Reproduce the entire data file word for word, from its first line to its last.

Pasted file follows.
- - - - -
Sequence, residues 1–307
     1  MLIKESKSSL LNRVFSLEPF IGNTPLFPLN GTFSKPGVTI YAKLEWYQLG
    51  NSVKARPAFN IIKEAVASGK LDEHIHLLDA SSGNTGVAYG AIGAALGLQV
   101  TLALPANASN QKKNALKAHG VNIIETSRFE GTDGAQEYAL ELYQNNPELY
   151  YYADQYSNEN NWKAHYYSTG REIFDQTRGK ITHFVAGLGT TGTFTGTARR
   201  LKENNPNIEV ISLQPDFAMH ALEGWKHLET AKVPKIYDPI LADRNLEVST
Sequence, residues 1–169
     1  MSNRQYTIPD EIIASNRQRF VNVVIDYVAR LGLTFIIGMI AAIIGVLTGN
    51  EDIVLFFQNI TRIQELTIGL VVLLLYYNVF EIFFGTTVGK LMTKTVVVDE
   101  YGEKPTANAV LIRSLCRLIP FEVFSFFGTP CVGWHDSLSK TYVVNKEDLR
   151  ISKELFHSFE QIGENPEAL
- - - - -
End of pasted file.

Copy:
Sequence, residues 1–307
     1  MLIKESKSSL LNRVFSLEPF IGNTPLFPLN GTFSKPGVTI YAKLEWYQLG
    51  NSVKARPAFN IIKEAVASGK LDEHIHLLDA SSGNTGVAYG AIGAALGLQV
   101  TLALPANASN QKKNALKAHG VNIIETSRFE GTDGAQEYAL ELYQNNPELY
   151  YYADQYSNEN NWKAHYYSTG REIFDQTRGK ITHFVAGLGT TGTFTGTARR
   201  LKENNPNIEV ISLQPDFAMH ALEGWKHLET AKVPKIYDPI LADRNLEVST
Sequence, residues 1–169
     1  MSNRQYTIPD EIIASNRQRF VNVVIDYVAR LGLTFIIGMI AAIIGVLTGN
    51  EDIVLFFQNI TRIQELTIGL VVLLLYYNVF EIFFGTTVGK LMTKTVVVDE
   101  YGEKPTANAV LIRSLCRLIP FEVFSFFGTP CVGWHDSLSK TYVVNKEDLR
   151  ISKELFHSFE QIGENPEAL